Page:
Dave Moulton

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If you own a frame or bike built by Dave Moulton, email details to list it on the registry website at www.davemoultonregistry.com

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The Frame Registry: One year on

My frame registry site at davemoultonregistry.com has been in existence for a little over a year now. There are now slightly under a hundred members; that is over 100 frames listed as a number of those participating own more than one frame built by me.

I still have my frame number registry books for custom frames built in the UK in the 1970s, and for those built in the US from 1982 to 1986. I built a few custom frames in 1981 while I was working for Masi, but these numbers didn’t get written down anywhere, until now as they appear on the registry.

By 1982 I was no longer working for Masi and had to support myself by building my own custom frames. I built 69 frames in ’82; not bad considering I was still working in the Masi shop and sharing the tools and paint facility with three other builders.

In 1983 I moved into my own shop in San Marcos and production sky rocketed. 96 custom frames built, and over 300 John Howard frames. I put in 18 hour days, six days a week back then, but it got me started, and had it not been for that I would not be writing this today.

By 1986 the Fuso had been in production for two years, and the numbers of custom frames grew less and less. Only three custom frames are recorded in my book in 1986. That was the year I moved the business from San Marcos in San Diego County, 60 miles north to Temecula in Riverside County.

I have a feeling that the record book got misplaced in the move and that is why the recording stopped. It is a miracle really that these two little hardcover notebooks survived, especially in the years that followed my leaving the bike business in 1993.

I moved from California to Oregon in 1994 and from Oregon to South Carolina in 2001. I would by no means consider myself a pack-rat; and during the two big moves I scaled down my belongings considerably. However, I am pleased the books did survive.

The production frames like the Fuso and Recherché were simply numbered in sequence starting at 001. No records were kept of where the frames went after they left my shop, or for example which ones were the custom built Fuso Lux model. That information is only now becoming revealed in the online registry.

The Lux model was introduced in 1986; the earliest number in the registry is 716. But whether this was the first Fuso Lux frame built I have no way of knowing; a lower number may show up in the future.

The registry is revealing that many frames still have the original paint, and many are still owned by the original owners. However, we are only just scratching the surface with a little over 100 frames listed out of several thousand built.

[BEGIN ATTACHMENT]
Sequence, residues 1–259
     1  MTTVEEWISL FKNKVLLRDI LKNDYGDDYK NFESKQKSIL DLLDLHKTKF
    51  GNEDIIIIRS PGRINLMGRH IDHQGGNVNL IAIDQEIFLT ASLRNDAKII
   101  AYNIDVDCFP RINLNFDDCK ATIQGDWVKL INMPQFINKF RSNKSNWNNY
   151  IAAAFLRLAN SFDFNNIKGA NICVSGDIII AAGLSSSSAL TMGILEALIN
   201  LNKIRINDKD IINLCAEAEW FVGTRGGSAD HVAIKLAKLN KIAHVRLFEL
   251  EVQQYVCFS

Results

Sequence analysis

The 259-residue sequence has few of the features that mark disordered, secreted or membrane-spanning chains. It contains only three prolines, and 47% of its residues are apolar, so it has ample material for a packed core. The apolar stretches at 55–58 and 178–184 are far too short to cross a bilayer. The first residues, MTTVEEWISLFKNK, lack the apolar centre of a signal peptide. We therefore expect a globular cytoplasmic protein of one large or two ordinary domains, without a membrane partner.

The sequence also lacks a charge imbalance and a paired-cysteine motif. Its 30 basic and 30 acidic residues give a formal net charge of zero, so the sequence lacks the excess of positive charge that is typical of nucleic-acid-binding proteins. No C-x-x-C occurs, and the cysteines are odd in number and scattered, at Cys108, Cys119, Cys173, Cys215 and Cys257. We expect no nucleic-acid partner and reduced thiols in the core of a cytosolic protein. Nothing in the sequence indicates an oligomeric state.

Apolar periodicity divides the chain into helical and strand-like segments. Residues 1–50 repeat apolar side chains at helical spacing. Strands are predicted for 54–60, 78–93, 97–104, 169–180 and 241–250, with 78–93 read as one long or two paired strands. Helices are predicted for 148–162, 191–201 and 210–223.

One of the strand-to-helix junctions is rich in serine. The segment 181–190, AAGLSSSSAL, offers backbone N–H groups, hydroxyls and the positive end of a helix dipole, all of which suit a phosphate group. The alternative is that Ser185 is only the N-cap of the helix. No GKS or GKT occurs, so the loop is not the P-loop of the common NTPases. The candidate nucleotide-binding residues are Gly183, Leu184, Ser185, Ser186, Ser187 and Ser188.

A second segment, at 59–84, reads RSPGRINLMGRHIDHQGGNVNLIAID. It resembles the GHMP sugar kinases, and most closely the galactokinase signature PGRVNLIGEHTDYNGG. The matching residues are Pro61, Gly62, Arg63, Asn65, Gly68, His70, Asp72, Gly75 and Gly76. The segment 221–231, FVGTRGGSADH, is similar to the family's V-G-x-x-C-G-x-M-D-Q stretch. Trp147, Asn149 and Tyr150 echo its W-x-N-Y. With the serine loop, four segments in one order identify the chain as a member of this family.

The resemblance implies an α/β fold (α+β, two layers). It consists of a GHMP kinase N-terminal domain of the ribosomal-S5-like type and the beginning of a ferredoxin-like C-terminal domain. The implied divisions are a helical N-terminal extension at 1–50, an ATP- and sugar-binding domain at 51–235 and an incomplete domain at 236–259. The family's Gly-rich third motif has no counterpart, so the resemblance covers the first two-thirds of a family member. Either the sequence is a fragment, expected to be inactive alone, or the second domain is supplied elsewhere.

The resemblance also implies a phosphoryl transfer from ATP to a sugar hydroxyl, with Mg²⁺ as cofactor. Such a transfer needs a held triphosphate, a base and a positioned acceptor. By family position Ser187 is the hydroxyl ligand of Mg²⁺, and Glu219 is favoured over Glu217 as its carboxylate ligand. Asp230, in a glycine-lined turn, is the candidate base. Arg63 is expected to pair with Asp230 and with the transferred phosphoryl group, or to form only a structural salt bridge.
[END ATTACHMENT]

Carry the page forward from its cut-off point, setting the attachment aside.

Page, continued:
It should be interesting how many frames will be listed by this time next year; will the number double, more than double or will it slow down? People for the most part simply stumble upon the registry, or hear about it through the grapevine. It is a not-for-profit enterprise, so I can’t afford to advertise it.

I am grateful to all who have participated so far; it is rewarding for me that there are a few people out there who consider my past work worth preserving. I am looking forward to our little community of DM owners growing so we can maybe embark on other things more than just listing names and numbers.



Reader Comments (6)


I was away from cycling for a few years, trying to segue back into running, but recently got back in the saddle. I dusted off my Fuso 216 and put it through its paces at some group rides here in So Cal.

I'm happy to report my Fuso still rides like a dream and the paint and decals look like new.

You should be proud of the legacy you created: functional and wonderfully crafted works of art.

All the best

Bill in Pasadena
owner, Fuso 216, 54cm

September 30, 2011 | Unregistered CommenterBill in Pasadena

Not having your skills and thus making my living through much less creative means, I wonder how it felt for you after each frame was finished? Did it start to become ho-hom having built so many or did each one feel special, kinda like sending a child that you have raised off into the world? Being able to track your creations from a 30 + year career and knowing that they are still providing pleasure to people must be enormously satisfying.

September 30, 2011 | Unregistered CommenterJW

Every frame was special, and yes it is very satisfying, it is the reason I stay in touch through this blog and the registry. When I was building the frames I distanced myself from my customers because I just didn't have the time.

September 30, 2011 | Registered CommenterDave Moulton

Passion in print, I like it.

September 30, 2011 | Unregistered CommenterTom Knoblauch

I was lucky enough to find one of your Recherche frames last year was able to enjoy it this season. Part of my enjoyment of the bike also comes from my finding your blog and reading your posts. Particularly enjoy the part of cycling history that you witnessed in your formative & bicycle building years.

October 3, 2011 | Unregistered CommenterStelvio

As a newby frame builder I find your production numbers amazing. Something to strive for. Last year I produced 15 and though I tried to double it this year I was only able to come up with similar numbers. I did find time to restore one of your Masi frames. Taking it down to metal except for the decals which I masked off. Very well constructed. It turned out nice and will be on the road for another 30 years.

October 4, 2011 | Unregistered Commenterhalekai

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